JSTOR monopolizing public knowledge
Instead of celebrating free access to scholarly articles for alums (“Yale alumni to gain access to JSTOR,” Oct. 11), you should be asking why access to research should be denied to anyone in the digital age.
When a scholar publishes research in an academic journal, neither the author nor the journal editor is typically paid. Yet JSTOR and a handful of other companies that control academic publishing reap millions by charging exorbitant prices for subscriptions to libraries and high per-article fees to individuals not affiliated with those libraries. These paywalls are particularly indefensible since so much of academic research is funded, directly or indirectly, through public funds in the first place.
Your article also states that “freedom of access” activist Aaron Swartz was indicted for “stealing” articles from JSTOR, thus echoing the US Attorney’s characterization of the case: “Stealing is stealing, whether you use a computer command or a crowbar, and whether you take documents, data or dollars. It is equally harmful to the victim whether you sell what you have stolen or give it away.” Is downloading articles that should be in the public domain in the first place really the equivalent of breaking into someone’s home with a crowbar and stealing their silver? JSTOR didn’t lose its articles. They remain just accessible on their site as before, at least for those with cash or connections.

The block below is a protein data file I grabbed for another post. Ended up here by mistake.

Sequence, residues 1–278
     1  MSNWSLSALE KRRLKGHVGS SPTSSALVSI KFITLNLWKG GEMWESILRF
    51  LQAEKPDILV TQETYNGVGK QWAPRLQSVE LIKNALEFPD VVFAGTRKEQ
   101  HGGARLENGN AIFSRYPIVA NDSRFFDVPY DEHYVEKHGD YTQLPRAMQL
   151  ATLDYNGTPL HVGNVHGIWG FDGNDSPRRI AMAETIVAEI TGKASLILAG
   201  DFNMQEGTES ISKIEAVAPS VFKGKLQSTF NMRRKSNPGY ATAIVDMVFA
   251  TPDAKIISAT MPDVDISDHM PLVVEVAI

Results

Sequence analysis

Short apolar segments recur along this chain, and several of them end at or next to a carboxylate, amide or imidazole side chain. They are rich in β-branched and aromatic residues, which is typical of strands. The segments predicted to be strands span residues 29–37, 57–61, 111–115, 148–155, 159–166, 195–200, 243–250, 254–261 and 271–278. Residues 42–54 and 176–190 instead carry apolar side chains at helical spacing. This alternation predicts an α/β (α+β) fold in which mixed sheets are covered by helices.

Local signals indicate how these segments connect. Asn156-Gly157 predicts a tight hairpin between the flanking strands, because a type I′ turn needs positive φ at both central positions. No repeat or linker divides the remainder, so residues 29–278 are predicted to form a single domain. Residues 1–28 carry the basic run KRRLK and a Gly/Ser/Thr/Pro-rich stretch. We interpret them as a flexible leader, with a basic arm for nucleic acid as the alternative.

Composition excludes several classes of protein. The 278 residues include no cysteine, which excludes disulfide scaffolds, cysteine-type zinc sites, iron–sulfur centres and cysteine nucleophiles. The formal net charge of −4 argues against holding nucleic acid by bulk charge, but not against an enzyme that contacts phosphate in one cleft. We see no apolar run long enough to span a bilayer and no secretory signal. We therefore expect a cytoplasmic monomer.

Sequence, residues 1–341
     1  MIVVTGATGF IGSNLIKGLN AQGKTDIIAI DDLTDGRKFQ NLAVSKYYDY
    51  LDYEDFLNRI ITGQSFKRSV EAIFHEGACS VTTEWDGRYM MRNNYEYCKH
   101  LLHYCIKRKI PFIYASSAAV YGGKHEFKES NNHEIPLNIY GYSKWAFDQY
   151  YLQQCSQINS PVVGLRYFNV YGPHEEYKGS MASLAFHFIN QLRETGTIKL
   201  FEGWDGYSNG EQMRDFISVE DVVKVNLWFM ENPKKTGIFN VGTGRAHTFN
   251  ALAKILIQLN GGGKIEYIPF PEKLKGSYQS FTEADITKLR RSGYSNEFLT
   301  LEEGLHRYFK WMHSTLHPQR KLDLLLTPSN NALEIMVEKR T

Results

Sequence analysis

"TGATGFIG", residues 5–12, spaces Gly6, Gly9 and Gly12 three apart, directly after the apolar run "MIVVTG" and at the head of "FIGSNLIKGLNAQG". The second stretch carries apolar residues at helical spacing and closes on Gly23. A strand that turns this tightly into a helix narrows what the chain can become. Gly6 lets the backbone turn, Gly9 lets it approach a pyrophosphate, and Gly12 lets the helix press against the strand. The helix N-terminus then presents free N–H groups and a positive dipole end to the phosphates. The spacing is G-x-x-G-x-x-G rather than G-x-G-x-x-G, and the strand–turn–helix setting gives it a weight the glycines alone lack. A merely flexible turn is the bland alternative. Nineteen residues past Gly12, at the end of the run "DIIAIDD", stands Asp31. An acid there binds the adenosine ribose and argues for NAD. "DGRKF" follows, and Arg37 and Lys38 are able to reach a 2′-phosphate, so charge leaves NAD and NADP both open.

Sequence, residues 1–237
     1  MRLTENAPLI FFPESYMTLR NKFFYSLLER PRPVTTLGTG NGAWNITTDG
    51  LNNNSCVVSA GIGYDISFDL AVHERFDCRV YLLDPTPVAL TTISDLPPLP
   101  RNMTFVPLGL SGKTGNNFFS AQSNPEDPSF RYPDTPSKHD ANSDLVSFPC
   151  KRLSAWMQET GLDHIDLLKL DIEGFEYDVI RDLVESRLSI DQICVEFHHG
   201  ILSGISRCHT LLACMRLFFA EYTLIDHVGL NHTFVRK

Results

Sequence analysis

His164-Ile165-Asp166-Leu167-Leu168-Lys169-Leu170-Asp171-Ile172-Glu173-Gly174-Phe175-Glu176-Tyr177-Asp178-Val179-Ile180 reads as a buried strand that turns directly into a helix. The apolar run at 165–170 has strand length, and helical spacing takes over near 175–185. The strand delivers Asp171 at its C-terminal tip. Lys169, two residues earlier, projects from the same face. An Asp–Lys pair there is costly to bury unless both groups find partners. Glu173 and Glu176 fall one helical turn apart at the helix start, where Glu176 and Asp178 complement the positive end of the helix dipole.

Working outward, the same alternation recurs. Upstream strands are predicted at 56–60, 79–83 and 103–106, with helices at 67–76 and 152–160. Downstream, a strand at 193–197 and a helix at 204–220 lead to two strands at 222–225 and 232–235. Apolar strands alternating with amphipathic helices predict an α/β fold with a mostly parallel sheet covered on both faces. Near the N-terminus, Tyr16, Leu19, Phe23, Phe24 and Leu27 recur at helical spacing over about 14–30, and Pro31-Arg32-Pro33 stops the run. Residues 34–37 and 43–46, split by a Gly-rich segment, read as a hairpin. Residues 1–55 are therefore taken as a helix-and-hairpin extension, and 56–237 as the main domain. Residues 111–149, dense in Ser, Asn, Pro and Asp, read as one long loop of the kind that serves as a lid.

JSTOR may be a “trusted digital archive,” as your article states, but it also acts as a significant barrier to the dissemination of academic knowledge, something that students, faculty, administrators and alumni should question rather than applaud.
The writer is a 1971 graduate of Trumbull College